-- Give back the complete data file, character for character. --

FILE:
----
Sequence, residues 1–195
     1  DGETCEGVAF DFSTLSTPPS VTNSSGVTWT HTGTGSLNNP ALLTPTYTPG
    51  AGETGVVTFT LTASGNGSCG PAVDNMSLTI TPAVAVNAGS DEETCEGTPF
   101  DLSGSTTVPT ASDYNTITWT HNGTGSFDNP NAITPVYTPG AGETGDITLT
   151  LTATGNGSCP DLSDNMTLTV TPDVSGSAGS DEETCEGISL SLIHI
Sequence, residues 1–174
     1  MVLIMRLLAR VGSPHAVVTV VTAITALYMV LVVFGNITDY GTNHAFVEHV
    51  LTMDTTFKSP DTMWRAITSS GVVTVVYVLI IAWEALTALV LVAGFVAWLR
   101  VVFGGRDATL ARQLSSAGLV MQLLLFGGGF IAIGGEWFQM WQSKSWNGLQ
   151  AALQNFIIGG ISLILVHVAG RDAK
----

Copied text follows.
Sequence, residues 1–195
     1  DGETCEGVAF DFSTLSTPPS VTNSSGVTWT HTGTGSLNNP ALLTPTYTPG
    51  AGETGVVTFT LTASGNGSCG PAVDNMSLTI TPAVAVNAGS DEETCEGTPF
   101  DLSGSTTVPT ASDYNTITWT HNGTGSFDNP NAITPVYTPG AGETGDITLT
   151  LTATGNGSCP DLSDNMTLTV TPDVSGSAGS DEETCEGISL SLIHI
Sequence, residues 1–174
     1  MVLIMRLLAR VGSPHAVVTV VTAITALYMV LVVFGNITDY GTNHAFVEHV
    51  LTMDTTFKSP DTMWRAITSS GVVTVVYVLI IAWEALTALV LVAGFVAWLR
   101  VVFGGRDATL ARQLSSAGLV MQLLLFGGGF IAIGGEWFQM WQSKSWNGLQ
   151  AALQNFIIGG ISLILVHVAG RDAK